Each of these reasons considered alone might not render insufficient the prosecutor's facially neutral explanation. In combination, however, they persuade me that his explanation should have been rejected as a matter of law. Accordingly, I respectfully dissent.


1 In Washington v. Davis, 426 U.S. 229 (1976) (concurring opinion), I noted that the term "purposeful discrimination" has been used in many different contexts.

"Although it may be proper to use the same language to describe the constitutional claim in each of these contexts, the burden of proving a prima facie case may well involve differing evidentiary considerations. The extent of deference that one pays to the trial court's determination of the factual issue, and indeed, the extent to which one characterizes the intent issue as a question of fact or a question of law, will vary in different contexts.

"Frequently the most probative evidence of intent will be objective evidence of what actually happened rather than evidence describing the subjective state of mind of the actor. . . .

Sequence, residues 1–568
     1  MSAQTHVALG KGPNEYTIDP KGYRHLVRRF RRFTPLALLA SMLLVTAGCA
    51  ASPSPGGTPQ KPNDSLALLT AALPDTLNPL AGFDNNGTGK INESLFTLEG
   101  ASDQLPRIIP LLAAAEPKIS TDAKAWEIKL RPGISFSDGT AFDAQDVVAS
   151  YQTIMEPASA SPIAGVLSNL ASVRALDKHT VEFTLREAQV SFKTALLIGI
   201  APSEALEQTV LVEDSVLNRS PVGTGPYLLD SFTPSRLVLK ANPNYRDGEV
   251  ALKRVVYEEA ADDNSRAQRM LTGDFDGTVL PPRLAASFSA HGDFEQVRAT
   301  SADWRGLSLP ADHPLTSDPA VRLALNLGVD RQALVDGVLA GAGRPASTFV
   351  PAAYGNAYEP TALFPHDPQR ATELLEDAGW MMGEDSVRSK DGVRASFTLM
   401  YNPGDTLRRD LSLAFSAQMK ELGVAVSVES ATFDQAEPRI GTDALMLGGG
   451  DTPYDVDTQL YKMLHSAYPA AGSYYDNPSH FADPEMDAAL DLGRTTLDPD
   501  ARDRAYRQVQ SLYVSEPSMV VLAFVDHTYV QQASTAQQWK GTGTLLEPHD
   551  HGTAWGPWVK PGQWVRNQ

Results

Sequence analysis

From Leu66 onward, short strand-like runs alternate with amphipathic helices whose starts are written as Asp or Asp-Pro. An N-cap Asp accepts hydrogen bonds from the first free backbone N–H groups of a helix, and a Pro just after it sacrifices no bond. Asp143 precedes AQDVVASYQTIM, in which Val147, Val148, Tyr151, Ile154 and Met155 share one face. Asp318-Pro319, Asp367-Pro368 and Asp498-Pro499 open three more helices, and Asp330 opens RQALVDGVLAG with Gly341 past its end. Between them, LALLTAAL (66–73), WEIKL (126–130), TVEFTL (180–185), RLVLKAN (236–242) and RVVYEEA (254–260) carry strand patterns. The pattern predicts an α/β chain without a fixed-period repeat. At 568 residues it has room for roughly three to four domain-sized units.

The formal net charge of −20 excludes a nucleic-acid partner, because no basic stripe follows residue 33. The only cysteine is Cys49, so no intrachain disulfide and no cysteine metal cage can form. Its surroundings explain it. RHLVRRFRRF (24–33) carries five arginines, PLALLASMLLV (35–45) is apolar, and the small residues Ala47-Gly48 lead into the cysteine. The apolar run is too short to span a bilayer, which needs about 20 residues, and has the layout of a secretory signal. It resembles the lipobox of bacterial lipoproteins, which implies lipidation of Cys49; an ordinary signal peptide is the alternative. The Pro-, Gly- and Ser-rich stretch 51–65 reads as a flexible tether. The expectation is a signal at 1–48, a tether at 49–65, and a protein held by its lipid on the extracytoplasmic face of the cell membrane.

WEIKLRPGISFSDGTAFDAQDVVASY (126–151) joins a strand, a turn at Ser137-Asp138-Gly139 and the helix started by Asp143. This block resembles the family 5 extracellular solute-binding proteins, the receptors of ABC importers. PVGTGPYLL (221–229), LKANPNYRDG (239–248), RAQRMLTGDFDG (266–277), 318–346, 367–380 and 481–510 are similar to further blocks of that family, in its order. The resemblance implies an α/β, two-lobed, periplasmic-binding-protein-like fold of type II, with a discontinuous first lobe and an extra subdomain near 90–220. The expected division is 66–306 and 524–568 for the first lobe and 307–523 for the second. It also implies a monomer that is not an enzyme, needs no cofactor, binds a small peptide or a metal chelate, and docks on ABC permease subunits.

"My point in making this observation is to suggest that the line between discriminatory purpose and discriminatory impact is not nearly as bright, and perhaps not quite as critical, as the reader of the Court's opinion might assume. I agree, of course, that a constitutional issue does not arise every time some disproportionate impact is shown. On the other hand, when the disproportion is as dramatic as in Gomillion v. Lightfoot, 364 U.S. 339, or Yick Wo v. Hopkins, 118 U.S. 356, it really does not matter whether the standard is phrased in terms of purpose or effect." Id., at 253-254.

2 An even more effective solution would be to employ a translator, who is the only person who hears the witness' words and who simultaneously translates them into English, thus permitting the jury to hear only the official translation.